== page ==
What Led To Supreme Court Recognising 'Living Will': A 10-Point Timeline

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What Led To Supreme Court Recognising 'Living Will': A 10-Point Timeline

Passive euthanasia: Supreme Court recognizes a persons right to choose death over life support

New Delhi:  A terminally ill person can make a 'living will', giving his permission to withdraw life support system if doctors think he has reached an irreversible stage. The verdict of the five-judge Constitution Bench, headed by Chief Justice Dipak Misra, attached strict conditions for executing a 'living will', saying it has to be made by the person in "his normal state of health and mind". The court also specified who would be eligible to execute the will, when he slips into an incurable condition.
A look at the 10-point timeline of what led to the landmark verdict
  1. May 11, 2005: Non-profit group Common Cause files petition, seeks Supreme Court permission to allow terminally ill persons to make a 'living will' for passive euthanasia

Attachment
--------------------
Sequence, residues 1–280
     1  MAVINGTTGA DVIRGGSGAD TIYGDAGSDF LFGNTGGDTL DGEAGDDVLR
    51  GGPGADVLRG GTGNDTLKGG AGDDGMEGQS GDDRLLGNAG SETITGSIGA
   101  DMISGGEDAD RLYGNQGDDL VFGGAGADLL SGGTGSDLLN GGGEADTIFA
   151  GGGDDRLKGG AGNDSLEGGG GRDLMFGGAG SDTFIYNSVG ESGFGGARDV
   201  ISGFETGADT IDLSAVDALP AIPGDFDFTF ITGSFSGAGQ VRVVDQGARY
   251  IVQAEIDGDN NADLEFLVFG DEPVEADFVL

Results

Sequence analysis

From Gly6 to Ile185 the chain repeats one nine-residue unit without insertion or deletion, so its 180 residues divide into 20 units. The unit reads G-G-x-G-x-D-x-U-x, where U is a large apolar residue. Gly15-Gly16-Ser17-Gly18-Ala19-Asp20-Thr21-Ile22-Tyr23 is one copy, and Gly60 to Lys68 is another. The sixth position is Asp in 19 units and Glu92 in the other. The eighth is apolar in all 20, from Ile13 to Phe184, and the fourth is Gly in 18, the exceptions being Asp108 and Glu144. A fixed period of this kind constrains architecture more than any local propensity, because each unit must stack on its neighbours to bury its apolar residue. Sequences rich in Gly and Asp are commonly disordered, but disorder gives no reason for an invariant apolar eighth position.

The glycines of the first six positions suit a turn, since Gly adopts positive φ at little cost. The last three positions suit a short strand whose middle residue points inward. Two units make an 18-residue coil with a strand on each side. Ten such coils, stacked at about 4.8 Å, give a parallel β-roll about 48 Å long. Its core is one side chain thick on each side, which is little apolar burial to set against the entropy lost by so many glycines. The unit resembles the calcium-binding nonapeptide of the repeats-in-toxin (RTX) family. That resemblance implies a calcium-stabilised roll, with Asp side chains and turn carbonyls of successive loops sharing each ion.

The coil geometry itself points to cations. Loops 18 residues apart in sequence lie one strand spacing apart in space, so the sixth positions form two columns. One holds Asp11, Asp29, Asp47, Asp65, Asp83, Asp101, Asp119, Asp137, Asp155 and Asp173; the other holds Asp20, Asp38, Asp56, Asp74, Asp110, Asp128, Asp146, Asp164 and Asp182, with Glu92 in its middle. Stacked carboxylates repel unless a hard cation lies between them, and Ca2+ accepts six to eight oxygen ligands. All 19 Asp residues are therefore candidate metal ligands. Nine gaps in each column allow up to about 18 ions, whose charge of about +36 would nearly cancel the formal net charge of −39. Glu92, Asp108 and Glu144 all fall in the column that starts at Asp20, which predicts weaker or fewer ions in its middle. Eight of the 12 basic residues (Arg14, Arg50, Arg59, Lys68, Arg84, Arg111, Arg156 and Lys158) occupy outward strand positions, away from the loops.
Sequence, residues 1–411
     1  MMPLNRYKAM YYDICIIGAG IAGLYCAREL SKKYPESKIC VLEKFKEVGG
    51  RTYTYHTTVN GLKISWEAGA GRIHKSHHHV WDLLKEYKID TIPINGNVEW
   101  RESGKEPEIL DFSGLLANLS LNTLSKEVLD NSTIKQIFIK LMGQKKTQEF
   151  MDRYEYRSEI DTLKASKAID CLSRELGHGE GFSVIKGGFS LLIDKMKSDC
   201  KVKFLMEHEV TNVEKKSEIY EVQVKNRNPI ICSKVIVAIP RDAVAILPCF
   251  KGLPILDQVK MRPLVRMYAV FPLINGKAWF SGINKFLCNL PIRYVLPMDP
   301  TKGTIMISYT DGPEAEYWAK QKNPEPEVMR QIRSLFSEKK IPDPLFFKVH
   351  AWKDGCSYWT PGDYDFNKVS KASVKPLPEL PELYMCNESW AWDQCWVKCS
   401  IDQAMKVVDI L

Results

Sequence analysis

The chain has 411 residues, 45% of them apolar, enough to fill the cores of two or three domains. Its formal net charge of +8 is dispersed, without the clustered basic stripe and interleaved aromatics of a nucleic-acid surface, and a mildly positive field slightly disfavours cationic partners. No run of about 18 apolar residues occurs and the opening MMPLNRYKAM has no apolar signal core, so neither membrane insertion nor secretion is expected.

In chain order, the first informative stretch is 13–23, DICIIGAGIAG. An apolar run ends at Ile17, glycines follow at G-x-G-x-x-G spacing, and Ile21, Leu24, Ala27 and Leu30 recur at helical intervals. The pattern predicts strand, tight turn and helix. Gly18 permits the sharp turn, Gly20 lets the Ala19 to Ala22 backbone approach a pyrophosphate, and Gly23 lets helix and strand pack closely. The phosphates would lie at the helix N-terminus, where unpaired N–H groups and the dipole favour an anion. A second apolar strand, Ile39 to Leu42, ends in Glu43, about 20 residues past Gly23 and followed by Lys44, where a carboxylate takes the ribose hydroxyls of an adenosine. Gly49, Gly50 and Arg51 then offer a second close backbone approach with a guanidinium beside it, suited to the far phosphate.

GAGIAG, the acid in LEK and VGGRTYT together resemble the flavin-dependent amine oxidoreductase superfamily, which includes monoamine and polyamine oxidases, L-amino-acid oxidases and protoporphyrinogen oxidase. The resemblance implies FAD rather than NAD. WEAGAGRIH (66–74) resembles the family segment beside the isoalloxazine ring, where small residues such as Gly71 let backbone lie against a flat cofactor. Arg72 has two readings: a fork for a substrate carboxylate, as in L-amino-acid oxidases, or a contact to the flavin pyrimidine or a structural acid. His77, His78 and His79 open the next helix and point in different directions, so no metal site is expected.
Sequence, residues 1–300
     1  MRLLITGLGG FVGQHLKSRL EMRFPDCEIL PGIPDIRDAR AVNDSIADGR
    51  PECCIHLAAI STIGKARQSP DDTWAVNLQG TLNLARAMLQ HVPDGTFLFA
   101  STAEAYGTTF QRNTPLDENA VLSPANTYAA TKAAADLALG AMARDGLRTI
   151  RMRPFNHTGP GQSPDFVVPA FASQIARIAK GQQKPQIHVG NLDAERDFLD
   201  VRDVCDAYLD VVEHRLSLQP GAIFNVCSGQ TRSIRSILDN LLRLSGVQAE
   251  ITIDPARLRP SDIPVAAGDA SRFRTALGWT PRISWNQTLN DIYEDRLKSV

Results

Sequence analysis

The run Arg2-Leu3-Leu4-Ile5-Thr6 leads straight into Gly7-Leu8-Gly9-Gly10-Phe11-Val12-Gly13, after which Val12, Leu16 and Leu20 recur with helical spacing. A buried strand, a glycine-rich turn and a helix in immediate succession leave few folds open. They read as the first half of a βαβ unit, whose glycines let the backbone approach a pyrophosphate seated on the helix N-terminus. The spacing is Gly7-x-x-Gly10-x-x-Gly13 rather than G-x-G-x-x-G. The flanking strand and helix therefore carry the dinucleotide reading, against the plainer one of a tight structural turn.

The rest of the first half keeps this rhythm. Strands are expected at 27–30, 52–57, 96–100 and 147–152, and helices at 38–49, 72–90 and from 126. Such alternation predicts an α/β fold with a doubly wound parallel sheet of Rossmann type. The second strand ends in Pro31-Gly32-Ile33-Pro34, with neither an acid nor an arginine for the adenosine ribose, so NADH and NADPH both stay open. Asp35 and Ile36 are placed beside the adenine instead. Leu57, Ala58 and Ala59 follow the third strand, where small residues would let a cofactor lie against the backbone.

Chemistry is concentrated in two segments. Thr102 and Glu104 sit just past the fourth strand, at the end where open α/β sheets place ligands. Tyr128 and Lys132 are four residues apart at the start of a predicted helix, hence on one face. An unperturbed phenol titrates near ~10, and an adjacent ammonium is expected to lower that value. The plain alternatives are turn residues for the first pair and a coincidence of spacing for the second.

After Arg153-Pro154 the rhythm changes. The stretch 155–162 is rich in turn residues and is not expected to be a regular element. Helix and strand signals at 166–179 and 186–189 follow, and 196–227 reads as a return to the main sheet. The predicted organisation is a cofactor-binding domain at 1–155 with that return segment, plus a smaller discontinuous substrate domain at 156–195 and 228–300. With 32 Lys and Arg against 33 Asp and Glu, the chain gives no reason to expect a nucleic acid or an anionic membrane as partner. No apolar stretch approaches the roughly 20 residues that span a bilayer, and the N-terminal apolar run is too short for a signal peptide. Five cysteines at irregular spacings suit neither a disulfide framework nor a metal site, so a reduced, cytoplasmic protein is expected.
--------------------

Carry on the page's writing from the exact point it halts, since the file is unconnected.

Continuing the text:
2. Jan 16, 2006: Supreme Court asks Delhi Medical Council to intervene and seeks its opinion on passive euthanasia.
  3. April 28, 2006: Law Commission suggests a draft bill on passive euthanasia, says pleas on passive euthanasia be made in High Courts, which should decide after taking expert opinion.
  4. March 7, 2011: Supreme Court, on a plea on behalf of Aruna Shanbaug, allows passive euthanasia 
  5. January 23, 2014: A three-judge bench headed by then Chief Justice of India P Sathasivam starts final hearing in the case
  6. February 25, 2014: Supreme Court cites inconsistencies in earlier verdicts on passive euthanasia including the one given in the Aruna Shanbaug case, refers case to a Constitution bench.
  7. February 15, 2016: Centre says it is deliberating on the legality and feasibility of passive euthanasia
  8. July 15, 2014: Five-judge Constitution bench starts hearing on the plea, issues notices to states on opinion
  9. October 11, 2017: Five-judge Constitution bench headed by Chief Justice of India Dipak Misra hears arguments and reserves verdict
  10. March 9, 2018: Supreme Court recognises 'living will' made by terminally ill patients for passive euthanasia, lays down guidelines on procedures


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